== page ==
Unlike other vehicle violations, the parking ticket has little, if any, impact on your insurance policy and its premium. Parking tickets are non-moving violations that are mostly incurred while the driver is away from the vehicle. Though the parking infraction may be against the area’s rules, the infraction does not cause physical harm to the driver, his passengers or other parties, nor does it cause damage to the vehicle. As a result, insurance companies are, generally, unconcerned with your parking violations, unless they get out of hand.
When the parking ticket is paid in a timely fashion, the violation simply goes away. It is not recorded on your driving or accident histories, nor is it reported, in any fashion, to your insurance company. This minor city violation remains a quiet kept secret between you and the city. However, if you obtain many parking violations or fail to pay any of those violations, the issuing city may prevent you from renewing our vehicle registration and tow your vehicle. Some states, including New Jersey and Illinois, will even suspend your driver’s license privileges until the fines are paid. While the blocked vehicle registration and towed vehicle will not impact your insurance policy, a suspended license will not only impact your insurance premium -- it could make you an unacceptable risk.
A license suspension resulting from parking violations has the same impact on the policy as a suspension resulting from speeding violations. The suspended license means the driver is unable to lawfully operate on the roadways. The insurance carrier may increase the policy premium to accommodate for the increased risk. While newly issued insurance policies usually see the increase within the first 60 days of the policy, policies that are older than 60 days may not see the premium increase until the policy’s renewal.
The underwriting guidelines of some insurance carriers do not permit companies to insure drivers who do not hold valid driver’s licenses. Depending on the driver’s policy specifics, the carrier may not be able to insure a policyholder with a past suspension, even when the license’s current status is valid. If the license suspension from the parking violation occurs while insured with these carriers, it is possible that the insurance carrier will cancel the policy midterm or not renew the policy at the policy’s expiration.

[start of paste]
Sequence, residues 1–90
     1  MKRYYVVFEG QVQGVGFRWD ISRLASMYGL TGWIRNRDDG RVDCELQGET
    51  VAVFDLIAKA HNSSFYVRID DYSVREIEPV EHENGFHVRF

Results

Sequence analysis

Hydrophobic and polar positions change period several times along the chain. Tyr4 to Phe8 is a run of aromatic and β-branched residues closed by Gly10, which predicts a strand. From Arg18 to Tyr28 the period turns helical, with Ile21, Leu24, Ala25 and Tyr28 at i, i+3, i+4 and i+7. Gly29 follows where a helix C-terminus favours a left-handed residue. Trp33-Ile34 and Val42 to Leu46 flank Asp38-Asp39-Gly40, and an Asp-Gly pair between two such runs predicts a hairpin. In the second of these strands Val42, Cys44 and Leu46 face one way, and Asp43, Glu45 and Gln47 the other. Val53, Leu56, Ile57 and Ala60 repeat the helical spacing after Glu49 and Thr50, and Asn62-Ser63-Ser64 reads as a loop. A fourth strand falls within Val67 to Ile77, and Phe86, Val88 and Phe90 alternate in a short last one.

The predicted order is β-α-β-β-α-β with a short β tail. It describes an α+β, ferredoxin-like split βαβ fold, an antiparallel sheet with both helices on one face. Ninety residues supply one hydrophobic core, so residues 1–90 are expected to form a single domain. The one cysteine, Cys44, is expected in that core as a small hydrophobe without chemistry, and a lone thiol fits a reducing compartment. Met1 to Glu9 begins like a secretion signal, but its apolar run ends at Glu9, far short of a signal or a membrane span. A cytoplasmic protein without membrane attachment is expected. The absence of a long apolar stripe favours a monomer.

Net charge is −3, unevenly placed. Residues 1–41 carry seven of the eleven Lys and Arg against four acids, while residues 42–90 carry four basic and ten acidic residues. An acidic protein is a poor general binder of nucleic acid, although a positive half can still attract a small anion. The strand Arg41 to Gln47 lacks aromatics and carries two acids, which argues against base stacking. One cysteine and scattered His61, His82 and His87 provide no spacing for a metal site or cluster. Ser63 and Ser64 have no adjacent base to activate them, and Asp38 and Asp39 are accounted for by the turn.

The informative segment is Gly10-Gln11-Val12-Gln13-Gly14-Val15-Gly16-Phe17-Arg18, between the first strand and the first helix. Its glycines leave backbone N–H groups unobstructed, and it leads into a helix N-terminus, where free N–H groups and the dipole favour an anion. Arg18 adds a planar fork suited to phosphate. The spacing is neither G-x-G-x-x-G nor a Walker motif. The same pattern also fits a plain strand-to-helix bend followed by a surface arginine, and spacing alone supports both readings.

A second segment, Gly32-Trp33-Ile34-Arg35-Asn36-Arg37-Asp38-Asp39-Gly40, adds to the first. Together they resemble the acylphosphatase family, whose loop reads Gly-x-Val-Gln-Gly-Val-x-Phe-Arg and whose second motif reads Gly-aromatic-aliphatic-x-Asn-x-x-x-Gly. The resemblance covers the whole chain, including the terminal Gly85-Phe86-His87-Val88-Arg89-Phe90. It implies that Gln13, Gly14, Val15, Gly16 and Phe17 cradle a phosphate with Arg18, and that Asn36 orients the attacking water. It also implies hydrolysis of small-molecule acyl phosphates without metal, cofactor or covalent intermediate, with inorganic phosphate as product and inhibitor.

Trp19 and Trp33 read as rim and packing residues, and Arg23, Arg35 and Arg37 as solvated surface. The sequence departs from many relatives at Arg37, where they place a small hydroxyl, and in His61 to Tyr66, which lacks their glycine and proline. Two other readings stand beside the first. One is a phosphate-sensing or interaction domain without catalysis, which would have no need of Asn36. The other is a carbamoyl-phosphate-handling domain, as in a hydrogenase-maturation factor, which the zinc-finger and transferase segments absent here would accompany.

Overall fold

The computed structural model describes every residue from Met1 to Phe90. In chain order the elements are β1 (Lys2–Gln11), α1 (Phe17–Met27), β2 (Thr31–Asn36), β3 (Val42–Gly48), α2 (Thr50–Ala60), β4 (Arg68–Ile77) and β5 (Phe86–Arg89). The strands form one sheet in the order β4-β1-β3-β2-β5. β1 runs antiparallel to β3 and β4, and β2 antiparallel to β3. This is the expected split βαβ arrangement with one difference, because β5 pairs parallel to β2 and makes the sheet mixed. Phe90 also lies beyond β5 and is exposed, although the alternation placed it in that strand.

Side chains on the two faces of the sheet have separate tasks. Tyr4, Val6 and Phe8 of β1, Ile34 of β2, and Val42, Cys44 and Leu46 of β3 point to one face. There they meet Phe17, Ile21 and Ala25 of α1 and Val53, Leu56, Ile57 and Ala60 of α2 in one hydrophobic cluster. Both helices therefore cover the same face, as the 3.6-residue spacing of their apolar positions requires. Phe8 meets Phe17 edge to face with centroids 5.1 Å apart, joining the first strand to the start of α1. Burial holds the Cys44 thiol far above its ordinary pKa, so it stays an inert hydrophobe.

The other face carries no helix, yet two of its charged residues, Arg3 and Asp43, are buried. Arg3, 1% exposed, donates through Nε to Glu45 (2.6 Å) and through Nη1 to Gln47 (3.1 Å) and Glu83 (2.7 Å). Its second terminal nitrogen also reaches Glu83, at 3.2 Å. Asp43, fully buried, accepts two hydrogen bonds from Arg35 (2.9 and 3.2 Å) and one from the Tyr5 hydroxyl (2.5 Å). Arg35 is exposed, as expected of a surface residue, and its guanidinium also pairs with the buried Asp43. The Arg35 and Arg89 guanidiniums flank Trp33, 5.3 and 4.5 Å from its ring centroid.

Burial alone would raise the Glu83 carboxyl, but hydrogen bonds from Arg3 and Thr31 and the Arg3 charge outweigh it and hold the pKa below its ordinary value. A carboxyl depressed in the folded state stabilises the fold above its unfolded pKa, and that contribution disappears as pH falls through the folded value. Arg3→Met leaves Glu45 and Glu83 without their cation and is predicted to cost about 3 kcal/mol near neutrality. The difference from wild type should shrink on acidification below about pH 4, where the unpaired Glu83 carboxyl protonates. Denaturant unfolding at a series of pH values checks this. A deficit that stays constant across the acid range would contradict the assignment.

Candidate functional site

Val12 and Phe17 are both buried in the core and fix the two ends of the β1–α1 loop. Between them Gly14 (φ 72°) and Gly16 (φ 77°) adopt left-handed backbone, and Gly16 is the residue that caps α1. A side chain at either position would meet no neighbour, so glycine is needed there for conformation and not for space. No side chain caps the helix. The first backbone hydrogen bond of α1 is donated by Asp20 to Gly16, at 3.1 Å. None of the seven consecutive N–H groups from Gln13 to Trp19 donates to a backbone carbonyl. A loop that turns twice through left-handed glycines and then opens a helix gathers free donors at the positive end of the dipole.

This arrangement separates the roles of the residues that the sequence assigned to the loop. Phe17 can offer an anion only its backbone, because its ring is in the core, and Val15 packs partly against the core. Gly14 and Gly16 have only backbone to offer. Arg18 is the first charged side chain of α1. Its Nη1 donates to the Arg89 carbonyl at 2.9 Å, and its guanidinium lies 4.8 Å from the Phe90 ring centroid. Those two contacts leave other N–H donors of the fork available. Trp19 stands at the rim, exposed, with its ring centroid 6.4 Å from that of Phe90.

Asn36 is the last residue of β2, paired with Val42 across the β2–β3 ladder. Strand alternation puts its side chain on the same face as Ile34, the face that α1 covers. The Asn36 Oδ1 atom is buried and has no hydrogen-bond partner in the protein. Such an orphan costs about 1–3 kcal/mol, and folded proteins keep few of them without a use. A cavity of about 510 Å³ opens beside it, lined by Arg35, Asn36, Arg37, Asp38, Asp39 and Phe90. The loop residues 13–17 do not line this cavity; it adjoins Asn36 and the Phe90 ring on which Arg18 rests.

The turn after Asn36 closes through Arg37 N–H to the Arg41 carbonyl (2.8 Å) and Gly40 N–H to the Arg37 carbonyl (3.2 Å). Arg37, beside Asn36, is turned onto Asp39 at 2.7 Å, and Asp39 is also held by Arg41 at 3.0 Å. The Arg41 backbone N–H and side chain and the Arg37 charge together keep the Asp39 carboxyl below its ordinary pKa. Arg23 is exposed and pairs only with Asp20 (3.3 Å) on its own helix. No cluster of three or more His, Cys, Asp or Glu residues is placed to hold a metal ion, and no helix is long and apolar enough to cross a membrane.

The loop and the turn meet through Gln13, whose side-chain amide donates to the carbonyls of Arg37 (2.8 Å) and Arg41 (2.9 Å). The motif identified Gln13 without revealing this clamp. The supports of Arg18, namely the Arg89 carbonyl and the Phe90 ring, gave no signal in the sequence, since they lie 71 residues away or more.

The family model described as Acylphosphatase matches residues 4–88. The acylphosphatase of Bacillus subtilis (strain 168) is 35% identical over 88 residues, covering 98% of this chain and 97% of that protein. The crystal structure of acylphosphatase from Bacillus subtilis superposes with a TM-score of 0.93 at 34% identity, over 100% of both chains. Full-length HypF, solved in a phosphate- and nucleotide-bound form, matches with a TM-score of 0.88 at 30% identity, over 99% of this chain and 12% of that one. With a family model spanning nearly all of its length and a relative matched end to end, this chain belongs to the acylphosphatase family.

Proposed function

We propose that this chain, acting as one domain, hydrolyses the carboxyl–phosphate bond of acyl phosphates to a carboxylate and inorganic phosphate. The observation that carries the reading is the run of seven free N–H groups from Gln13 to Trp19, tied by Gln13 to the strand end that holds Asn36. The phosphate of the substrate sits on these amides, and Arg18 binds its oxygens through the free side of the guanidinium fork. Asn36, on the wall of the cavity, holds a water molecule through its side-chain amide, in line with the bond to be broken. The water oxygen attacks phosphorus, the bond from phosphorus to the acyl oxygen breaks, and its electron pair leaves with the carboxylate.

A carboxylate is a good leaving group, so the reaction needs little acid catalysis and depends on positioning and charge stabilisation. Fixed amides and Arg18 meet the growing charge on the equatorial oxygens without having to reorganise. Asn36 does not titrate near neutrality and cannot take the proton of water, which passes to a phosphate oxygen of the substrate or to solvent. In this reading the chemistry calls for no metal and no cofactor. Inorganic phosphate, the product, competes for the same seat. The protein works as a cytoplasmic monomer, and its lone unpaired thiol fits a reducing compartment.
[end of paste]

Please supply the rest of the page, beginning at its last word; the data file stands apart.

License suspensions for unpaid parking tickets have become a common collection method amongst many major cities and populated states. Along with New Jersey and Illinois, New York, Georgia and Los Angeles are just some of the places in which some cities and counties, if not the entire state, enforce license suspensions to collect unpaid parking violations. To avoid premium increases and adjustments for parking violations, pay the violations as swiftly as possible and communicate with the issuing city when you cannot.
- CarInsurance.com: Does a Parking Ticket Affect Insurance Rates?
- InsuranceHoteline.com: Tickets and Your Insurance Rates
- Georgia Criminal Defense Lawyers: GA Driver's License Suspension
- Nevada DMV. "Driver History Records." Accessed March 26, 2020.
- DC DMV. "Booted or Towed Vehicles." Accessed March 26, 2020.
- City of Chicago. "Submit a Hearing Request via the City's Website." Accessed March 26, 2020.
- California Courts. "If You Ignore Your Ticket." Accessed March 26, 2020.
- LADOT. "Booted & Towed Vehicles." Accessed March 26, 2020.
- Virginia DMV. "Denial of Registrations or Renewal." Accessed March 26, 2020.
- NYC Dept. of Finance. "Tickets in Judgement." Accessed March 26, 2020.
- NY DMV. "Suspensions and Revocations." Accessed March 26, 2020.
- The Zebra. "Can You Get Car Insurance With a Suspended License?" Accessed March 26, 2020.
- Car Insurance Comparison. "How Does a Suspended License Affect Insurance?" Accessed March 26, 2020.
- Allstate. "What Factors May Affect Your Car Insurance Premium?" Accessed March 26, 2020.
- State Farm. "The Real Costs of a Non-Moving or Moving Violation." Accessed March 26, 2020.
Writing professionally since 2004, Charmayne Smith focuses on corporate materials such as training manuals, business plans, grant applications and technical manuals. Smith's articles have appeared in the "Houston Chronicle" and on various websites, drawing on her extensive experience in corporate management and property/casualty insurance.